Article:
Both the margin and transform are set to bound properties of a new Graphics class, which we’ll come to in a second; but first, let’s see the other change to this file:

    private void Update()
    {
        World.ApplyPhysics();
        if (Player.IsWalking)
        {
            Graphics.CyclePlayer();
        }
    }

This allows us to change the bound variables that we mentioned earlier.

Now that we’ve seen the changes to the main razor file, let’s see the new Graphics class:

    public class Graphics : IGraphics
    {
        private readonly IPlayer _player;
        private int _playerOffset = 0;
        private DateTime _lastUpdate = DateTime.MinValue;

        public Graphics(IPlayer player)
        {
            _player = player;
        }

        public int PlayerOffset => _playerOffset;

        public int PlayerDirection =>
            _player switch
            {
                { IsWalkingLeft: true } => -1,
                { IsWalkingRight: true } => 1,
                _ => 0
            };
        
        public void CyclePlayer()
        {
            if (_lastUpdate.AddMilliseconds(100) > DateTime.Now) return;

            if (_playerOffset > -48)
                _playerOffset -= 16;
            else
                _playerOffset = 0;

            _lastUpdate = DateTime.Now;
        }
    }

This is essentially a utility, or helper class. It encapsulates details about the graphics that are displayed, and uses the Player class to do so. Most of it is relatively self-explanatory, with the possible exception of CyclePlayer which moves the offset that we mentioned earlier no more frequently that every 100ms.

That’s pretty much it; we now have a walking Willy:

What’s Next?

In the next post, we’ll try to add a platform, and some collision logic.

References

https://www.spriters-resource.com/fullview/113060/

https://gunnarpeipman.com/csharp-reading-embedded-files/

https://www.hanselman.com/blog/how-do-you-use-systemdrawing-in-net-core

https://www.davidguida.net/blazor-gamedev-part-11-improved-assets-loading/

https://stackoverflow.com/questions/493296/css-display-an-image-resized-and-cropped

Creating a Game in Blazor – Part 1 – Moving Objects

By now, writing games in frameworks that were clearly not designed for such things is becoming something of a habit for me. Here I created a poor-man’s version of Trans-Am (the hugely popular Spectrum game) in React, and here I attempted something along the lines of Daley Thompson’s Decathlon in Vue. I even created a catch game and a snake game in a .Net console app.

In this post, I’m going to attempt to create a game in Blazor. I’m hoping I can get a vague approximation of a platform game, such as Jet Set Willy. Obviously, this will not be as advanced (nor will I be able to offer a helicopter ride as a prize for finishing, as the creators originally did), but I can hopefully get some semblance of something moving across the screen, and the ability to jump over obstacles.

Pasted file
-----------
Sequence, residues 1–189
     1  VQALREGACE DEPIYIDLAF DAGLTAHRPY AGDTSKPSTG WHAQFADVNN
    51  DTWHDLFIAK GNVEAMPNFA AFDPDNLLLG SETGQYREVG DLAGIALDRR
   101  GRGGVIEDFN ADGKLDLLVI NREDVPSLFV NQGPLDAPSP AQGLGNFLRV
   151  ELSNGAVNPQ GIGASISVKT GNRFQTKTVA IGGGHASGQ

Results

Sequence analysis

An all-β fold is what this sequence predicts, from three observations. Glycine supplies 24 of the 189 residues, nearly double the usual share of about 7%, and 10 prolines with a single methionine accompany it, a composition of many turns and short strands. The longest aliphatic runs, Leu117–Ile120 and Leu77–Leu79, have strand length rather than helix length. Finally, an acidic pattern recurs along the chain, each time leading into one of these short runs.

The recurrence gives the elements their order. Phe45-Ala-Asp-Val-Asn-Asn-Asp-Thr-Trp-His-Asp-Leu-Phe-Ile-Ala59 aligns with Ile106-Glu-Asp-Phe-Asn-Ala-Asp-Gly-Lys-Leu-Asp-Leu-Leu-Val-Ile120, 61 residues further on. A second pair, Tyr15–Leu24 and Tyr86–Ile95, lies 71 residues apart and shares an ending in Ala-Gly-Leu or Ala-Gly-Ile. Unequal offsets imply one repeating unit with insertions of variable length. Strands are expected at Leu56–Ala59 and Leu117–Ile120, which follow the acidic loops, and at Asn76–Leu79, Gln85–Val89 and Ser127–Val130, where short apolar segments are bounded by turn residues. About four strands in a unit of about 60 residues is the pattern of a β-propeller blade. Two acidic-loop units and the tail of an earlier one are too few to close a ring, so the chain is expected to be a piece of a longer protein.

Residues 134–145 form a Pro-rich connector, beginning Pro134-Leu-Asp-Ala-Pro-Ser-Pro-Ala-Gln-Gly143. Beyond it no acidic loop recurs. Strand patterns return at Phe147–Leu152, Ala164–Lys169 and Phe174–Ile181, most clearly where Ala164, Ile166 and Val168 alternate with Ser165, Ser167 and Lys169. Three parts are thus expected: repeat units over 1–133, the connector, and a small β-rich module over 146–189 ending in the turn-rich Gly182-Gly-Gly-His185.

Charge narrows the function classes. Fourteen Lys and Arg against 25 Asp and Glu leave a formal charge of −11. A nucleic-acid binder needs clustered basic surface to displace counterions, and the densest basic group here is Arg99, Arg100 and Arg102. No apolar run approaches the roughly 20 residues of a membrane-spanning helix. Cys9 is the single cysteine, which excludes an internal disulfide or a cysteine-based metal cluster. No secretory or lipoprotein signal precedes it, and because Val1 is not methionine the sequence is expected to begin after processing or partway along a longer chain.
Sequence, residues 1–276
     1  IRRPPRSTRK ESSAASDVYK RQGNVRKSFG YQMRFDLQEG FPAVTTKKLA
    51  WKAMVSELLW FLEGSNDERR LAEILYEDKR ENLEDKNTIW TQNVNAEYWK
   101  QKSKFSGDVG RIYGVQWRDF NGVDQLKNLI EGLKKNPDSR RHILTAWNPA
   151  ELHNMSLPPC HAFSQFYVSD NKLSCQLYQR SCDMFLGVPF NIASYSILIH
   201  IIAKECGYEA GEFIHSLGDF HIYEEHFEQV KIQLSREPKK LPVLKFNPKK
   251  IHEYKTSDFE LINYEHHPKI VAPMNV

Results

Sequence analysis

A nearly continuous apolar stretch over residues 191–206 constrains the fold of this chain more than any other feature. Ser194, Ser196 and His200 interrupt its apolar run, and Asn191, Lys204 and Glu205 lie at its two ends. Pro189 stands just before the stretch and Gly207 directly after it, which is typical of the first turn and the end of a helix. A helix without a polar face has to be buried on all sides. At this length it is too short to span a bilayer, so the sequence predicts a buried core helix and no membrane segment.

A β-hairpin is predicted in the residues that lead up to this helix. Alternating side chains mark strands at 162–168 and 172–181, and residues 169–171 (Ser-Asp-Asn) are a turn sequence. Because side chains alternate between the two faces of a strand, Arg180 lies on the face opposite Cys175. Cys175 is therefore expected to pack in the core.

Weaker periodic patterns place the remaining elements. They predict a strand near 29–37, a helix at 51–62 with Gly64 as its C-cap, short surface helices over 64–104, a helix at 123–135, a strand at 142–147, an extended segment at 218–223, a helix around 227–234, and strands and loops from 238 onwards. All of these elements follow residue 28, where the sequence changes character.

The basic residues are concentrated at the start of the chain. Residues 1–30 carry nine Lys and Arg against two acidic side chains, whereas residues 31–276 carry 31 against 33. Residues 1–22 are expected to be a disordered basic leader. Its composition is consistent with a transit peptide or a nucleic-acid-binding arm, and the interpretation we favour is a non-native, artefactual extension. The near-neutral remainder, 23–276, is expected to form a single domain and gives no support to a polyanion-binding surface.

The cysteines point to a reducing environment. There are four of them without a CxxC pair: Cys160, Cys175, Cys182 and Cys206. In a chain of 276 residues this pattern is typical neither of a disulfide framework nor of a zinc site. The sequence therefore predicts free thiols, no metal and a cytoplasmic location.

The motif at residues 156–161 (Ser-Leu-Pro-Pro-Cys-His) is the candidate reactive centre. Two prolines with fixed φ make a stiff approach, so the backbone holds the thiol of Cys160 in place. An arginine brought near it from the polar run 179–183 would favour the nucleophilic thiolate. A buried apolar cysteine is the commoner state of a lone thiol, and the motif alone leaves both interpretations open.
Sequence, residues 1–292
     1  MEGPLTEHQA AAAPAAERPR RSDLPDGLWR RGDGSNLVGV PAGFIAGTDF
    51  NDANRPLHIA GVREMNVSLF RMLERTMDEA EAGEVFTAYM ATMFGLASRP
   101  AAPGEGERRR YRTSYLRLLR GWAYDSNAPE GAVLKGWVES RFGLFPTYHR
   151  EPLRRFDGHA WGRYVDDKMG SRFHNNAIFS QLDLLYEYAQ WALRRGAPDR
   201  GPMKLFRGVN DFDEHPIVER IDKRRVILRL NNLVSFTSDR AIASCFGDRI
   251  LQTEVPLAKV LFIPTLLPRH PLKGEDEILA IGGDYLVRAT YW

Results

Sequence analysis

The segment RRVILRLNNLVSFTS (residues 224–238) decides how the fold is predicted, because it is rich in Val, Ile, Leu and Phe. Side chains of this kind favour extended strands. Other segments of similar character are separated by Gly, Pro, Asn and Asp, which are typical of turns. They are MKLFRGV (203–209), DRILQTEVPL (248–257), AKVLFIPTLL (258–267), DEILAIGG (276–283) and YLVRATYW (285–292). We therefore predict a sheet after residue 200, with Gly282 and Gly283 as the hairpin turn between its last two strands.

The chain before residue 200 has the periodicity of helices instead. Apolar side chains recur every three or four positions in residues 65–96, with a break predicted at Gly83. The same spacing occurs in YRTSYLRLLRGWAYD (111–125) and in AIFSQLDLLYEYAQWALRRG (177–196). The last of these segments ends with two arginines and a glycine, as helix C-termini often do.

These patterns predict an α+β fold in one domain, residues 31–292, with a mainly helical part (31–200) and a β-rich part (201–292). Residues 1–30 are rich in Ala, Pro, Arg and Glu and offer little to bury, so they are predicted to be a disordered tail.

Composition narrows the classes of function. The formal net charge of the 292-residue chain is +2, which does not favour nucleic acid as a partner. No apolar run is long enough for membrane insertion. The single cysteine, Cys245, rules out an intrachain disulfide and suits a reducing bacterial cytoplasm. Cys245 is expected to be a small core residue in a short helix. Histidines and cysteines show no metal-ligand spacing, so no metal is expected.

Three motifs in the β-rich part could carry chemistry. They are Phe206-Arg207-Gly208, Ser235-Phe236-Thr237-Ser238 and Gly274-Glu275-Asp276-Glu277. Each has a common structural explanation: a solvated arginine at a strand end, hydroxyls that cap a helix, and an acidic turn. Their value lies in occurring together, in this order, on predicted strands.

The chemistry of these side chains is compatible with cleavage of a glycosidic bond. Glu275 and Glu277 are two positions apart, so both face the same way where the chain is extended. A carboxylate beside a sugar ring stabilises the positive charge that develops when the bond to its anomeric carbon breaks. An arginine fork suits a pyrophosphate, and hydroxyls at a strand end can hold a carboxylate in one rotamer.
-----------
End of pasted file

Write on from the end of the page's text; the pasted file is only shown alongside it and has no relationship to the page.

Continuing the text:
For part one, we’ll just explore how we would move an object. To start, let’s create a default Blazor client side application.

If you’d like to see the finished product from this post, you’ll find it here.

We’ll start in the Counter.razor file. We’ll simply replace the existing code with the following:

@page "/counter"

<h1>Counter</h1>

<button class="btn btn-primary" @onclick="IncrementLeft">Across</button>
<button class="btn btn-primary" @onclick="IncrementTop">Down</button>

<div style="top: @(top)px; left: @(left)px; position: absolute">test</div>

@code {
private int top = 0;
private int left = 0;

private void IncrementLeft()
{
left += 10;
}

private void IncrementTop()
{
top += 10;
}

}

All we’re really doing here is binding the position of the div to the variables left and top and then changing them on the button presses. Each time they are updated, they trigger a refresh of the screen.

You should now see the word test (very vaguely) in the top left hand corner of the screen. Pressing the Across and Down buttons move the text – if you move it far enough, you should be able to see it clearly against the white background.

Tidy Up

Now that this is working, let’s remove some of the cruft – our game doesn’t need a menu, or a FetchData screen; the following files can be removed:

Index.razor
NavMenu.razor
FetchData.razor

In Counter.razor we can change the routing:

@page "/"

Finally, change the code in MainLayout.razor to the following:

@inherits LayoutComponentBase

<div class="page">
<div class="main">
<div class="content px-4">
@Body
</div>
</div>
</div>

What’s left is just the counter screen: which can now be renamed to something more appropriate – I’ve changed mine to Game.razor.

What’s Next

We now have something moving around the screen – the next step will be to make this work using key presses, and add an actual platform for our game.